Season 3, Episode 6
Director: David Nutter
Writer: Jeff Vlaming
“2Shy” would have a stronger reputation within The X-Files collection if it didn’t suffer greatly in comparison to the infamous “Squeeze” and “Tooms” episodes. These episodes share a common theme: the reclusive, seemingly normal individual who must murder in order to survive thanks to a genetic defect. The killers don’t kill for pleasure – they kill for necessity, for survival. What makes “2Shy” slightly worse is that the killer preys on the insecurities of heavier women through the treacherous world of online dating.
The episode begins with Virgil Incanto (Timothy Carhart) and his date, an attractive heavier woman, parking at night. She is thrilled for the attention, that a good-looking man she met over the internet would show such interest and kindness in her. When he leans in to kiss her, however, she begins to scream in terror. Her body is discovered in a rapidly decomposing state. By the time Scully and Mulder begin to investigate, very little is left of her corpse. In fact, when Scully starts her autopsy, the body has been completely digested with only a skeleton remaining. The episode proceeds as Incanto tracks down additional victims, all heavy-set women, from whom he can extract their body fat – something his own body apparently fails to produce.
Mulder and Scully eventually discover his identity thanks to his fondness for rare Italian poetry and a 911 call from the blind daughter of his landlord, a woman he killed after she discovered a decaying corpse in his bathtub. The remainder becomes a beat-the-clock sequence where Mulder and Scully must save his latest victim before Incanto can digest her as well. We close with the arrested Incanto outlining the necessity of his crimes to Scully: he satisfies both his and their needs through murder. After all, as Incanto says, “the dead are no longer lonely.”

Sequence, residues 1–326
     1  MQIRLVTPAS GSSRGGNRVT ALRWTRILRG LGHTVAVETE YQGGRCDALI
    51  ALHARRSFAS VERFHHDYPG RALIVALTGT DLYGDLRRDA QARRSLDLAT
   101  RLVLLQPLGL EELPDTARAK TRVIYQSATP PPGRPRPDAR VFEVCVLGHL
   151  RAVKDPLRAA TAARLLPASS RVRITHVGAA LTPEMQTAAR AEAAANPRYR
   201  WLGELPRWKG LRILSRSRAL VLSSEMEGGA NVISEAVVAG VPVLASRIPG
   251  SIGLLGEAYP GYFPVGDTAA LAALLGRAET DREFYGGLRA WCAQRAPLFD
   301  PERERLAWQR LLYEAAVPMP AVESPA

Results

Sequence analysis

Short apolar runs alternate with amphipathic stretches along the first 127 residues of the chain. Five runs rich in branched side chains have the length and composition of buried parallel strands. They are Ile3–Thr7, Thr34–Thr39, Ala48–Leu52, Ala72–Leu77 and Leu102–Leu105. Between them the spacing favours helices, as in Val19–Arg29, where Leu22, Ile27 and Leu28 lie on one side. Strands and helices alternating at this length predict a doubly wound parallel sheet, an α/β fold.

After last episode’s vaguely unresolved plot line, we return to a more standard episode with “2Shy.” Unfortunately, its overwhelming resemblance to “Squeeze” detracts from what might have otherwise been a perfectly great episode. The major difference here is in the performance of the central villain. Timothy Carhart, a decent actor, cannot begin to compare to the legendary work of Doug Hutchinson in “Squeeze.” Hutchinson manages to create a human creature that still felt completely otherworldly but yet mixed our sympathies with our fears. Carport’s performance focuses squarely on the grotesque. Perhaps that’s attributed to the fact that Incanto emotionally engages his victims, tricks them into the necessary kiss, and unabashedly moves on to the next woman. His plight is harder to relate to, harder to sympathize with. At the end, Incanto is just as much of a cypher monster as Fluke Man or any other soulless creature we’ve met along the way.
One notable event in “2Shy” is the opportunity it affords Gillian Anderson to retaliate against her attacker. Having grown weary of the persistent “Scully in danger” moments of Seasons Two and Three, I found it refreshing to see her kick a little ass at the end, even if someone eventually had to help her fight off Incanto. It’s even better that the person who saved her in the end was Incanto’s last victim, using Scully’s gun to shoot him in the heart.
I rather thought that was poetic justice, myself.